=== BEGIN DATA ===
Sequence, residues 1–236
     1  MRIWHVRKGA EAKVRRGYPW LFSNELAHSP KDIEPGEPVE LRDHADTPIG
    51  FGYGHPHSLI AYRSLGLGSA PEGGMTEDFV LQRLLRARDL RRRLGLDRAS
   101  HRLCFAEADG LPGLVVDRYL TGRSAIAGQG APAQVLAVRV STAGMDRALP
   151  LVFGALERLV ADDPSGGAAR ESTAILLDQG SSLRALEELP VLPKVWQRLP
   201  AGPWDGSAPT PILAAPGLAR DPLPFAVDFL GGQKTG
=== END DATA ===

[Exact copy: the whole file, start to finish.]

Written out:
Sequence, residues 1–236
     1  MRIWHVRKGA EAKVRRGYPW LFSNELAHSP KDIEPGEPVE LRDHADTPIG
    51  FGYGHPHSLI AYRSLGLGSA PEGGMTEDFV LQRLLRARDL RRRLGLDRAS
   101  HRLCFAEADG LPGLVVDRYL TGRSAIAGQG APAQVLAVRV STAGMDRALP
   151  LVFGALERLV ADDPSGGAAR ESTAILLDQG SSLRALEELP VLPKVWQRLP
   201  AGPWDGSAPT PILAAPGLAR DPLPFAVDFL GGQKTG